1) Active Data Acquisition80% – 90% of the value of most optimization programs comes not from the commonly thought of validation role but in continual active data acquisition and comparison of feasible alternatives. It takes time for groups to achieve this role, but when they do the value given to the organization increased by magnitudes. Often this is based around the concepts of bandit based optimization and fragility and is used as an ongoing effort to challenge assumptions and to actively measure the value of different alternatives.

In this role the optimization team consistently leverages low resource efforts that consistently measure as many different feasible alternatives as possible and do this across the site. This is in the attempt to maximize the discovery of exploitable opportunities and the primary role is to challenge assumptions which otherwise will never be discovered. The team needs access to pages and clear rules on measuring success and leveraging of resources in order to produce constant and impactful lessons which can shape and direct product discussions and roadmaps.

2) Education – This is 5-15% of the value derived from the optimization group, but provides the ability to do the actions which produce the greatest returns. Because optimization requires very different ways of thinking about and executing on actions in order to provide the most value this means that one of the key roles for optimization is an ongoing and consistent conversation with groups about different ways to think about problems.

It is vital that this conversation always happens prior to any action and is that optimization is not just thought of as a simple action in a release calendar. Groups that fail to think different are guaranteed to get much lower value from their testing efforts, waste far more resources, and often have much slower and less productive product teams overall. They will get results, they will simply be far smaller results at a much higher cost. Failure to focus on education often leads group to a purely responsive role and leads to programs that are happy with the number of tests they run or by simply producing a single positive result.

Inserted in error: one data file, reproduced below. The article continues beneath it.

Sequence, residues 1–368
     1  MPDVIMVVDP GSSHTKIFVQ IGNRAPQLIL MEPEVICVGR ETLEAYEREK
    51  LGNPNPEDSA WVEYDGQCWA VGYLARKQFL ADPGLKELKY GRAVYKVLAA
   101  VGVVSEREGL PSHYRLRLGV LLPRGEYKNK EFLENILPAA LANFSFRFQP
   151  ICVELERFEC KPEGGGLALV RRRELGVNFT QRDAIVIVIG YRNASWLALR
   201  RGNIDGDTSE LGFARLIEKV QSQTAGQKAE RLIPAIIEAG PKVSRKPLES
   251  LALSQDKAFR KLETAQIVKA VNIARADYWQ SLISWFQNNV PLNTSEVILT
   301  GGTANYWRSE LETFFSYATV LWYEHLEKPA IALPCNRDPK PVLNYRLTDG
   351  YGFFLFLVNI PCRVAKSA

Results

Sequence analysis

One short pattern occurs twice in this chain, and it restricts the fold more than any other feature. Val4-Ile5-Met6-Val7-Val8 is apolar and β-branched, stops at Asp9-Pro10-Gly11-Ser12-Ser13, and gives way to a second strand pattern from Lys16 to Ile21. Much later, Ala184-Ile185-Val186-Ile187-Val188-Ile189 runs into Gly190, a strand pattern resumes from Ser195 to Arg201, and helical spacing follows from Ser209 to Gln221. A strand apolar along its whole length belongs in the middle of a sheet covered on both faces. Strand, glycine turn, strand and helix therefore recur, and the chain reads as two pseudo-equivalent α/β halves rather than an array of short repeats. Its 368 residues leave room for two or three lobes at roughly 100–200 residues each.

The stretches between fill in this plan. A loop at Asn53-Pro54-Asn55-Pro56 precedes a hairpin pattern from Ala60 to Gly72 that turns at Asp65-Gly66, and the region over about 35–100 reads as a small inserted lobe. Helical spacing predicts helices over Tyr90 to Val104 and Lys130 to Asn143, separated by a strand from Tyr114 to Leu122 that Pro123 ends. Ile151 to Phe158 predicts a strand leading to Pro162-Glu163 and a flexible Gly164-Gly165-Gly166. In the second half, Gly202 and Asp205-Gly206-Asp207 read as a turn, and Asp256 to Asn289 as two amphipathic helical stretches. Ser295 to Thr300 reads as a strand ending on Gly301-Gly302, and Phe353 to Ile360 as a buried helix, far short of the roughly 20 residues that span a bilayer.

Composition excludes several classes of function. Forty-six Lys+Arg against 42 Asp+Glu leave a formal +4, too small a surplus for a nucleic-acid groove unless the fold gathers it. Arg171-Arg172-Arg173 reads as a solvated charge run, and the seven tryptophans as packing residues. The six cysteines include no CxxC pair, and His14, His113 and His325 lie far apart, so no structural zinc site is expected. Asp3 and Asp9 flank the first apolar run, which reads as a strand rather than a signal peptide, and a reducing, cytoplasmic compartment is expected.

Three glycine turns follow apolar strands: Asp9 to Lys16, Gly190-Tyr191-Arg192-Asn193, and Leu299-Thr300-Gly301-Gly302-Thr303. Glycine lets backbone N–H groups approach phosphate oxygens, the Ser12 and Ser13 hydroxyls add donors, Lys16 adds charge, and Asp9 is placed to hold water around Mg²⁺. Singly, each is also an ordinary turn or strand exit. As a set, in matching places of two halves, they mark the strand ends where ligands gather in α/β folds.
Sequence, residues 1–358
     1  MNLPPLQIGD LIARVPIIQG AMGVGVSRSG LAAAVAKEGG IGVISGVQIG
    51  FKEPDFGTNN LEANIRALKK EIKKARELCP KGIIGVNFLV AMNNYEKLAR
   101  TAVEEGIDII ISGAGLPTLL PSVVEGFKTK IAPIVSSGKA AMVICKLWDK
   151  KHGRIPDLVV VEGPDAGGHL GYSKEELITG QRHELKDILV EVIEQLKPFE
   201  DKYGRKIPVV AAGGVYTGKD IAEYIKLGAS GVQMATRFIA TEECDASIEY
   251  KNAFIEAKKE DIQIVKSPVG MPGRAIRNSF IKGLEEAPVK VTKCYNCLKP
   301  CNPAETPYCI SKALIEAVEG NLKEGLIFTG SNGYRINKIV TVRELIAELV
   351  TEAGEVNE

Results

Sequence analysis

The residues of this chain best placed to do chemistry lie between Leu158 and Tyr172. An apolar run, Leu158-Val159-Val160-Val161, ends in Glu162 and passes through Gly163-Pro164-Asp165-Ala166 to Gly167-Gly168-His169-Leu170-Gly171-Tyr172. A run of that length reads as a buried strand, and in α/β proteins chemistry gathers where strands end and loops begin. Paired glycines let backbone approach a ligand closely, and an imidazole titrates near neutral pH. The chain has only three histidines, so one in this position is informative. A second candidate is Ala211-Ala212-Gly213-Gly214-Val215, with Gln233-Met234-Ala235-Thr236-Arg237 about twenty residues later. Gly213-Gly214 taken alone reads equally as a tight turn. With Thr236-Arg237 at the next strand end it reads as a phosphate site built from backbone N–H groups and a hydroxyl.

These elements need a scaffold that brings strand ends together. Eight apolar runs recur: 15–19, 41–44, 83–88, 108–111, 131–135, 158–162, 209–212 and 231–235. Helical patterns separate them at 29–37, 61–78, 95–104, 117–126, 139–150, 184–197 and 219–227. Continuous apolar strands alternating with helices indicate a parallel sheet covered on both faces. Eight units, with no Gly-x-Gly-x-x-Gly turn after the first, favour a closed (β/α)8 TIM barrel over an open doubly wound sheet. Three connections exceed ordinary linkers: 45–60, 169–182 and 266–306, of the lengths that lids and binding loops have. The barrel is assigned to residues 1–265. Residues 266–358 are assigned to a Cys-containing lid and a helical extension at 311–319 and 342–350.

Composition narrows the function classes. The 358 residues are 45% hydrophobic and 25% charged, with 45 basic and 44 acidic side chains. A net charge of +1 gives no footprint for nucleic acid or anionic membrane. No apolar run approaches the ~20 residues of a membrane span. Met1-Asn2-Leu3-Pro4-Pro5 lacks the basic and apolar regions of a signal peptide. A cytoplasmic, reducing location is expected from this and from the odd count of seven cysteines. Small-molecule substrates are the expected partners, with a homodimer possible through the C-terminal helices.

There is no such thing as an organization that starts out looking at the correct things perfectly and without fail someone’s personal agenda leads them to subconsciously search out confirming actions and data in order to make themselves look good. Building, maintaining, and educating people on proper data discipline is the single most consistent and important topic of education.

Here are a few of the key topics that groups can and should focus on:

i. Rules of Action – Knowing how to act on data and to be disciplined in not acting too fast or too slow and looking at only metrics that matter to a decision are vital for any data organization.

ii. Statistical disciplines – There are many different ways to think about data and testing and it is vital that people be exposed and open to different ways then they are previously aware in order to maximize future growth.

iii. Psychological disciplines – Optimization hits on many psychological disciplines and concepts such as Confirmation bias, Forer effect, Congruence bias and many others.

iv. Knowledge Share – When you are running a successful optimization program you will be constantly learning things that go against all previously held beliefs and opinions. These lessons learned are the single most valuable part of a successful program and become a core component of a program once it has matured.

3) Ad hoc analysis and validation testing At most this represents 5% of possible value provided by testing – It is always fun to want to focus on who has the best idea to improve things, but ultimately this is the least important part of a successful program. The better the input, the better the output, but only if it is going through a great system. A poor system means that it really doesn’t matter how good any idea is.

This is the part that most groups are familiar with, where they respond to test ideas directly or asking for more data / details on specific tests.

Generally this time is best spent redirecting towards higher value uses of time and value of data.

Successful programs have their time breakdown in the range of:

Active Data Acquisition / Ongoing optimization – 60-70% of time
Education – 15-20% of time
Post hoc analysis and validation optimization – 15-20% of time

It is generally more about the thought and usage of the program then just who owns it. The real keys to a successful program are to differentiate the roles and skills. Generally if a program is just starting out you they may have 1-2 people who work on testing in some form, with the primary focus on working with different groups to work with their ideas to provide value. Mature programs might move upwards to 5-10 people and higher as they continue to grow.

It does no good to add more people to a problem if you aren’t fixing the real problem, which is how the time is spent. More time does not equal more value, better usage of time means more value. It is never easy to go past your comfort zone, but that is where you will find all the value. Think about how and where you are spending your time.